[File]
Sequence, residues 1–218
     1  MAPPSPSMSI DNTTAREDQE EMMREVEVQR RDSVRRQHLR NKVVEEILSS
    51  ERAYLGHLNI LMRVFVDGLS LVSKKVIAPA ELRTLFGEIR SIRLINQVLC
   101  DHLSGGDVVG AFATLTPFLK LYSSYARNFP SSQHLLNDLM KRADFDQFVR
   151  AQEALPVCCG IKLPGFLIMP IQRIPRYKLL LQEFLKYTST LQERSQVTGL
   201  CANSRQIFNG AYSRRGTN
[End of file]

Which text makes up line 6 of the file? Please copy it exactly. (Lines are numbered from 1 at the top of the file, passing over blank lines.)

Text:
   201  CANSRQIFNG AYSRRGTN